2016.01.26

James Kreines

Reason in the World: Hegel's Metaphysics and Its Philosophical Appeal,

James Kreines, Reason in the World: Hegel's Metaphysics and Its Philosophical Appeal, Oxford University Press, 2015, 290pp., $74.00 (hbk), ISBN 9780190204303.

Reviewed by Christopher Yeomans, Purdue University


Books on Hegel's Science of Logic either tend to get in and out of the text relatively quickly, mining a few conceptual moves to be refined and then alloyed for use in other philosophical industries; or they take the form of commentaries that march the reader through the twists and turns of the argument at speeds and levels of detail that vary widely according to the individual drill sergeant-interpreter's taste for cruelty. James Kreines, however, is neither in the resource extraction business nor does he fancy a turn on the parade ground. Instead, he offers a book that will surprise both seasoned Hegel hands with the order and connection of its arguments and contemporary metaphysicians with the cogency of those arguments on their own playing field. For Kreines argues that Hegel's Logic is metaphysically pluralistic first and epistemologically monistic second -- and he does so by a form of interpretation that attempts to reconstruct Hegel's arguments less in the light of their internal architectonic context than of the current array of live options in metaphysics. The result is a book whose innovations sometimes left me perplexed at the order of topics considered but more often illuminated well-worn territory with newfound clarity.

Again to simplify a (good) bit, approaches to Hegel tend to define him by reference either to Spinoza or to Kant. If the former reference is taken to be dominant, then the resultant Hegel is a metaphysician of the monistic variety. Surely, it is acknowledged, Spinoza comes in for a good bit of criticism at Hegel's hands, and so Hegel's monism must diverge in some way from Spinoza's. But whether organic or teleological or spiritual, the monism tends to go hand in hand with the metaphysical reading. On the other hand, the interpreters who see Kant as the leading light in Hegel's firmament tend to see Hegel oriented either by epistemology or by concerns about norms. Guidance is then provided either by the Transcendental Analytic's deduction of the categories or by the Groundwork's deduction of the moral law. On both readings, Hegel is seen as offering a re-tooled transcendental argument, regressing on the conditions of the possibility of self-consciousness.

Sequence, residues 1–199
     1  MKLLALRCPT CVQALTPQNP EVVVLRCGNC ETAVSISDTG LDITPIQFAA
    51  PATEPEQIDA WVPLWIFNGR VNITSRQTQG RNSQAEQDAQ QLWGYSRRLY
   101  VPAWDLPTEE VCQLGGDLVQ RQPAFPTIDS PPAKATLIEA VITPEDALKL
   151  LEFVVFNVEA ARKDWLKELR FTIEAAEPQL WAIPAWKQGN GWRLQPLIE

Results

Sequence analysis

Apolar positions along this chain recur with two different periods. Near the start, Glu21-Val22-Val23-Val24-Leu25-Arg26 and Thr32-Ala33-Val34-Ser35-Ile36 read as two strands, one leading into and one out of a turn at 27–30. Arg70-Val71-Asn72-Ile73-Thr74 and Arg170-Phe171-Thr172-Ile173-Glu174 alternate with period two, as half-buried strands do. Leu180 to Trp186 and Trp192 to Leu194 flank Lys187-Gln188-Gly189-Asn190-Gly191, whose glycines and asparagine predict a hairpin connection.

Kreines, however, offers us a Hegel who looks to Kant for metaphysics and whose monism is epistemological rather than metaphysical. The key, he argues, is to see Hegel as continuing not the Transcendental Analytic but the Dialectic, and in particular the Antinomies. On this account, the problem with metaphysics is not that it is superseded, but that it is naïve and unable to come to grips with its own contradictory tendencies. These contradictory tendencies were diagnosed by Kant himself, of course, in the Antinomies. Unlike many contemporary interpreters who see the Antinomies as a jointly absurd compilation of severally unconvincing arguments, Kreines (and Kreines' Hegel) takes them quite seriously. Kreines plausibly motivates the tension in the argument (particularly the Second Antinomy) by appeal to the pressures of complete explanation and then reconstructs Hegel's position against the matrix of possible responses. As Kreines puts it, Hegel is optimistic about knowledge of the unconditioned as opposed to Kant's pessimistic solution to the conflict by limiting our knowledge to spatio-temporal objects. But Hegel is partially deflationary with respect to the conception of the unconditioned (divorcing it from its image in rationalist substance metaphysics) and partially inflationary (by seeing both teleological and spiritual phenomena as more completely explicable than rule-governed phenomena) (150).

One of the best things about the book is the patient care with which Kreines disentangles different senses of metaphysics. He argues that the sense of metaphysics essential to Hegel is that of seeking answers to why-questions -- discovering the reasons, or grounds, or responsible factors: "Metaphysics (of reason) = Philosophical inquiry into explanatory reasons, or reason in the world, and ultimately into their completeness" (9). Within that metaphysics as Hegel has it, there turn out to be three different orders of explanation, and this bit of metaphysical pluralism will bring us to Hegel's epistemological monism. There are law-governed phenomena that are explained by the powers and natures of the things related by the laws; there are living phenomena that are explained by immanent ends of self-preservation; and there are spiritual phenomena such as reasoning that are explained by the immanent concept of freedom (23). Each of these types of phenomena and the entities involved are equally real and existent, but they are explicable to different degrees -- listed here in ascending order. Because only spiritual phenomena are fully explicable (by the concept of freedom embodied in the absolute idea), our knowledge of lawful and living phenomena is secured by comparison or approximation. This theme of approximation to the paradigmatic and fullest case is, of course, a classic bit of rationalism. But here it is put to epistemological rather than metaphysical use. Or rather, its epistemological form is driven by the pluralistic metaphysics, as a way to demonstrate the validity of optimism about the possibility of knowledge about all the orders and sorts of things in the world.